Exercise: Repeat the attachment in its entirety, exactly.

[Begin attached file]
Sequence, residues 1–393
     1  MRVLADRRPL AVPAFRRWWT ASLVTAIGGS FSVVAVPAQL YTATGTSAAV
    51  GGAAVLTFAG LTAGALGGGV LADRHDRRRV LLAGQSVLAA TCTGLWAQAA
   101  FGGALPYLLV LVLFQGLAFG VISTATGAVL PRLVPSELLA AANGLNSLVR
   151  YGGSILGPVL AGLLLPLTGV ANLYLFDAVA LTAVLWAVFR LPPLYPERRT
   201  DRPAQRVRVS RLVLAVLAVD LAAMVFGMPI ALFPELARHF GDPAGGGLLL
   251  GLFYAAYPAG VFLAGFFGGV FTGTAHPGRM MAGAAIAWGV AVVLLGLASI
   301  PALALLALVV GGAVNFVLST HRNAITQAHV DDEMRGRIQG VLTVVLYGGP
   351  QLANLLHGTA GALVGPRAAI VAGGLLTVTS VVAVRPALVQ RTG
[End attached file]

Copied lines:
Sequence, residues 1–393
     1  MRVLADRRPL AVPAFRRWWT ASLVTAIGGS FSVVAVPAQL YTATGTSAAV
    51  GGAAVLTFAG LTAGALGGGV LADRHDRRRV LLAGQSVLAA TCTGLWAQAA
   101  FGGALPYLLV LVLFQGLAFG VISTATGAVL PRLVPSELLA AANGLNSLVR
   151  YGGSILGPVL AGLLLPLTGV ANLYLFDAVA LTAVLWAVFR LPPLYPERRT
   201  DRPAQRVRVS RLVLAVLAVD LAAMVFGMPI ALFPELARHF GDPAGGGLLL
   251  GLFYAAYPAG VFLAGFFGGV FTGTAHPGRM MAGAAIAWGV AVVLLGLASI
   301  PALALLALVV GGAVNFVLST HRNAITQAHV DDEMRGRIQG VLTVVLYGGP
   351  QLANLLHGTA GALVGPRAAI VAGGLLTVTS VVAVRPALVQ RTG